If you have been experiencing poor performance issues, functionalities not working correctly, or SOLIDWORKS just not running like it used to, then it may be time to reset your SOLIDWORKS registry. Scenarios like this can happen over time with Windows updates affecting certain files, as well as these files becoming corrupt. If this is something that has been happening to you as of late, then a registry reset sounds like a good place to start.
The Dreaded Error Message
Stop me if you’ve heard this one: “SolidWorks has encountered an error and needs to close”. Have you ever tried to open an assembly and encountered this error? Fortunately, it happens rarely, and many SOLIDWORKS users have never experienced this error. For those who have, it can be very frustrating.
The error is more common with assemblies and even more so with assemblies that contain components imported from other CAD programs or downloaded from the internet. In such situations, there are two techniques that can help you open the assembly and salvage most of your work. This blog will explain these techniques.
When thinking of symbols in SOLIDWORKS, your first thought may be blocks, or it may be symbols attached to a string of text. This blog will focus on symbols associated with text, inserted as a note. Specifically, we will discuss how to create your very own custom symbols.
Let’s start off easy with basic symbol insertion. We will assume you know how to insert a note into a SOLIDWORKS document. Once you have clicked the Note command and clicked somewhere to position the text box and are ready to start typing, you will gain access to the Add Symbol command, shown in Figure 1.
Getting our kids into STEM has always been a priority for our family. What better tool to jumpstart their love for engineering than SOLIDWORKS? When our trip to several stores to buy the latest toy craze left us empty-handed, I was able to turn it into a “teachable moment.” I was able to teach them about patience and more importantly, if you can’t buy something… design and build it!
My name is Rob and as anyone that knows me well will tell you, I have a problem with Raspberry Pi’s. They are my uncontrollable addiction and I cannot get enough. I currently have six of them with plans for more in the near future, if I see a used one for sale I have to have it. I use them for a variety of things such as, media centers, game emulators, home security systems, and various servers.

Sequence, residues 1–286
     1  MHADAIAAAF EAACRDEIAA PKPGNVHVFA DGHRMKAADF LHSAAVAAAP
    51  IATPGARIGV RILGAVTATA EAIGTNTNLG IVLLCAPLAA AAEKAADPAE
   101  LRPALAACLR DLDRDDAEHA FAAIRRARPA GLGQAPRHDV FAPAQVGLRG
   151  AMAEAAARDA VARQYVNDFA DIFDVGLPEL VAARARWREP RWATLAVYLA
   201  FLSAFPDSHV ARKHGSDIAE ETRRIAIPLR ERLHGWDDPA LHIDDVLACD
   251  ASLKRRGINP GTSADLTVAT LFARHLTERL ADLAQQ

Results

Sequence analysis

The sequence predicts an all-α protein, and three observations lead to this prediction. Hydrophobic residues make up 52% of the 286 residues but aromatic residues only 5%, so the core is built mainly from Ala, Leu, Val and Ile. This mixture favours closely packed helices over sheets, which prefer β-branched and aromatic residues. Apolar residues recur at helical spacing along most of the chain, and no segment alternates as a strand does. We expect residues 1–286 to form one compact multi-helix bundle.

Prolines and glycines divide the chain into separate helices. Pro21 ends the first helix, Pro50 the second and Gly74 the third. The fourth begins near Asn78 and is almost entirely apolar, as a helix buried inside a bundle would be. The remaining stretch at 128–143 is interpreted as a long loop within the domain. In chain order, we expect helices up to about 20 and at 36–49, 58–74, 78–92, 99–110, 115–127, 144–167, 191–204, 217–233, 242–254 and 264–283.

One of my latest projects was using an Arduino to control the temperature and water level in one of my saltwater fish tanks. The Arduino measures the water temperature and checks the water level via some external sensors. It then displays information about the tank to an LCD display, and sends serial data to a Raspberry Pi that stores the information in a database which can be queried and plotted through a web interface. Everything works flawlessly, but I didn’t have anywhere to put all of the components which would keep everything together and neatly organized. This is where SOLIDWORKS comes in.
In 2016 SOLIDWORKS introduced an amazing new feature to create threads on a part. The new Thread Wizard tool allows you to quickly and easily create threads on your model. SOLIDWORKS has many different thread profiles in their library all ready, but let’s say you have a custom thread that isn’t listed. Well good news! I will show you how to create your own custom thread profile that you will be able to use in your modeling adventures.
First you will need to locate the Thread Profile Library file which will most likely be in C:\ProgramData\SOLIDWORKS\SOLIDWORKS 2017\Thread Profiles. To create a new thread profile you will have to open one of the existing profiles (.SLDLFP) in SOLIDWORKS.
Ask a machine shop owner what they see as the biggest problem facing the industry at present: chances are high that they will say the “lack of skilled labor.” For the greater part of the 20th century, machine shops and manufacturing plants were amongst the fastest growing industries in the country; employing a large portion of the American workforce. In today’s landscape, however, a 15-year labor shortage is predicted to extend the labor deficit currently burdening this sector. Not to worry, though. Technology is circling a shiny, silver lining around the situation to at least help ease the workload; more on that later. It first might help to gain a firmer grasp of the factors leading to the labor shortage.
I make many visits to customers and run across a common theme. Their SOLIDWORKS Licensing requirement needs are constantly changing. SOLIDWORKS Engineering teams and startups have one thing in common: they both need to be able to add capabilities and licenses of SOLIDWORKS without long term commitments. Hopefully the information in this blog will address that need.
If most of you out there reading this are anything like me, I grew up playing with the coolest toys… Legos! My brother and I would dump our giant plastic tote and build houses, cars, spaceships, really anything that we could think of. So when I learned about our interns’ Lego project, a task to help them become proficient in SOLIDWORKS, I quickly asked if I could join in. I mean, who honestly wouldn’t want to play with Legos at work!
The purpose of the project is to model each individual Lego piece, and then build the assembly in SOLIDWORKS. The project started with getting my Lego kit. I was lucky enough to get an 87-piece Star Wars Resistance X-Wing Fighter.